Rare 200-Year-Old LES Federal Houses Are Endangered in Face of LPC Decalendaring

Posted on: December 4th, 2017 at 5:00 am by

22 East Broadway

Local preservationists are scrambling.

Word dropped last week that the Landmarks Preservation Commission may likely decalendar a pair of rare two-hundred-year-old Federal-style row houses from its agenda by the end of the year. 206 Bowery and 22 East Broadway are back on the endangered list, despite the city’s initial position as significant structures warranting consideration.

The unfortunate turn of events is owed in large part to the passage last year of the Intro. 775 bill in City Council aimed at removing the clutter, as it were, from the calendar. In order to do so, the “anti-landmark bill” essentially establishes “do or die” deadlines for landmark designations that have been stagnating. Meaning, if the LPC doesn’t vote on proposed individual landmarks within one year (two years for districts), then the proposals are removed from the docket.

206 Bowery, for its part, is one of the last intact Federal-era row houses on the Bowery. It remarkably survives in close to original condition from the first period of development along this stretch of the Bowery. The modest 2 ½-story, three bay-wide building has one-foot thick walls of Flemish-bond brickwork, a stone foundation and a gambrel roof with paired gable dormers. It was likely erected around 1825 as part of a group that included the houses sharing party walls at 202, 204 and 208 Bowery.

Many of these Federal-era buildings erected on the Bowery housed a store or workshop on the first floor with a residence on the second floor and a usable attic lit by dormer windows in the pitched roof. Beginning in the 1870s, it is believed that 206 Bowery was solely used for commercial (non-residential) purposes. And an eclectic bunch, at that – Walter Keeler, shoestore (1826-39); James Cooper, fancy goods, hosiery, threads, and needles (1839-53); Thomas Bruns, engraver (1853-60); William Wood, umbrellas and parasols (1853-74); Henry H. Pfalzgraf, cigars (1870-91); Philip and Rosalia Berg, millinery and fancy goods (1870-78); jewelers Sidonia Kampf (c. 1896-99) and Bernhard Hebald (1904-11); Tri-City Barber School (c. 1933-46); New York China Corp. (c. 1975-88); and J&D Restaurant Equipment Corp. (c. 1993-2010).

Much like 206 Bowery, the Federal-style house at 22 East Broadway retains many of its original nearly 200-year-old detail. It was constructed in 1832 for then-district attorney James Whiting and boasts peaked roof, dormers, Flemish bond brick, as well as lintels and sills on the second and third floors.  At the turn of the last century, the building served as the Chatham Square Branch of the New York Free Circulating Library. (That library now occupies 33 East Broadway across the street.)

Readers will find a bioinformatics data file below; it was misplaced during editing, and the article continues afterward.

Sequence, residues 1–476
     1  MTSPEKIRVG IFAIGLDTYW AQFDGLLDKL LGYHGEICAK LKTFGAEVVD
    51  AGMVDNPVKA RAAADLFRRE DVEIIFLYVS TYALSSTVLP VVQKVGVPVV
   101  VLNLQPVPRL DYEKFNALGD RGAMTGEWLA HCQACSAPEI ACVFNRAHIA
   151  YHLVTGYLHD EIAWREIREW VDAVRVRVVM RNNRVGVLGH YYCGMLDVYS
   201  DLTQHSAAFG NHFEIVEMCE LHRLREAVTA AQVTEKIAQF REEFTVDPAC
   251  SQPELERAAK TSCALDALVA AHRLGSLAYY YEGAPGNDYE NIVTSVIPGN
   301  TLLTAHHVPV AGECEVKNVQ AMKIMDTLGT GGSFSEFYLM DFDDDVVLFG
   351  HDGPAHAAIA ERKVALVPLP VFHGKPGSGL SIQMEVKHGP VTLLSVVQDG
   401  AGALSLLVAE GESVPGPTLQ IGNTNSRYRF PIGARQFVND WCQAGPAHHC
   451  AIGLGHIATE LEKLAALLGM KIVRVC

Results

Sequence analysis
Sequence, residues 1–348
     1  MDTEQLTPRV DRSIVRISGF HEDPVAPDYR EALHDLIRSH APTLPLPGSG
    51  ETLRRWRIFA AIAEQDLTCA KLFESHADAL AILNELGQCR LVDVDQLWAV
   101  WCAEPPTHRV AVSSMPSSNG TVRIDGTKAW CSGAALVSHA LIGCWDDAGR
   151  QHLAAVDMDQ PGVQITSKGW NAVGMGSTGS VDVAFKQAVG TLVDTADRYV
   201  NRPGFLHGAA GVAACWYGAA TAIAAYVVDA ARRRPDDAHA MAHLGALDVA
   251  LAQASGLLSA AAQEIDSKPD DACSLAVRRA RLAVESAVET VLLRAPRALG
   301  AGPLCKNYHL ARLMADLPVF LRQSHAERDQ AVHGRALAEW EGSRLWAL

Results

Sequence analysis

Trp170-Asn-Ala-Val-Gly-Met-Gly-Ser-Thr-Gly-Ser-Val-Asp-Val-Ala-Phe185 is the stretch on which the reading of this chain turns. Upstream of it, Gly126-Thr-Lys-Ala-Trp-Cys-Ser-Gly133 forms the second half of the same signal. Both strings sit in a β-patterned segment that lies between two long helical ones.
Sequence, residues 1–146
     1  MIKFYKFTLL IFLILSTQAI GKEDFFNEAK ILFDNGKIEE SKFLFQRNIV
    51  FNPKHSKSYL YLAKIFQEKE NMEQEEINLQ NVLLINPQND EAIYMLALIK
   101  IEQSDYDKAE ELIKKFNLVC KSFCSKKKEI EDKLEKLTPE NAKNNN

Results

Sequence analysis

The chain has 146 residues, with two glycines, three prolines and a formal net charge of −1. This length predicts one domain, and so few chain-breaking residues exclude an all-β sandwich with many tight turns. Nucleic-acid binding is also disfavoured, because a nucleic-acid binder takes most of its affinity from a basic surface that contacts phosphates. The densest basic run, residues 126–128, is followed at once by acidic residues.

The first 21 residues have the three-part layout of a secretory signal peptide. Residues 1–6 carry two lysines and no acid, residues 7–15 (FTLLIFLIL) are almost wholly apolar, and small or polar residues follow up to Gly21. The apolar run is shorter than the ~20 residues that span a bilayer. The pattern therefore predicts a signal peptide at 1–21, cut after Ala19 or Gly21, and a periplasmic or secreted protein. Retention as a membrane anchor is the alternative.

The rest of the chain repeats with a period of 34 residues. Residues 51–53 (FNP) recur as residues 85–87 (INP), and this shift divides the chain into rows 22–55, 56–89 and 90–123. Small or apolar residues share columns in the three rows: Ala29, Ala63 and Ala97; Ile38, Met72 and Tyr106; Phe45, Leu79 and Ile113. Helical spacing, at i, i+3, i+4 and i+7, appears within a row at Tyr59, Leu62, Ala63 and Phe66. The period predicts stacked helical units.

GVSHP and other preservation-minded groups are sounding the alarm. Head here to support the landmarking of these two historic structures by sending a form letter to LPC.

Recent Stories

3-Alarm Fire Engulfs PS 23 Building on Mulberry Street

Shortly before 9pm this evening, a three-alarm fire was sparked at 70 Mulberry Street (at Bayard). Within minutes, the historic building – erected in the nineteen century as Public School 23 – was in flames. Firefighters continue to battle the blaze which is apparently confined to the fourth and fifth floors. Cause of the fire […]

The Year of the Rat Scurries In

It’s the Year of the Rat! This week marks the 21st year of New York City’s Lunar New Year celebration, and no doubt the organizers are scurrying around in preparation for a veritable smorgasbord of festivities. As in years past, the festivities will kick off with the explosive Firecracker Ceremony Saturday morning at 11:00am (January 25) […]

Public Hotel-Adjacent Condo Ascends 4 Stories

The north end of Chrystie Street continues its gilded march toward luxury. Despite the scruffy park at its doorstep. Owner-developer KD Sagamore, which scooped up 199 and 201 Chrystie over the last several years for a combined $20 million, filed for re-development back in December 2017. The plans included merging both parcels into one tax lot, […]

Potential Fat Baby Replacement Evicted Before Ever Opening

The Fat Baby space is again up for grabs. Eviction papers were taped to the door last week, indicating that the latest proposal for the Suave Bar and Restaurant is dead in the water. Suave was the third suitor in the last year for 112 Rivington Street. Principal Erinson Salce (of Sahara East on First […]

Christopher Marte Launches City Council Campaign for 2021

Christopher Marte is jumping back into the City Council election ring. With three-time Councilmember Margaret Chin terming out next year, the local politician is looking to capitalize early on the District 1 seat. Essentially building on the momentum he created during the 2017 election that gave Chin a run for her money. (The incumbent squeaked […]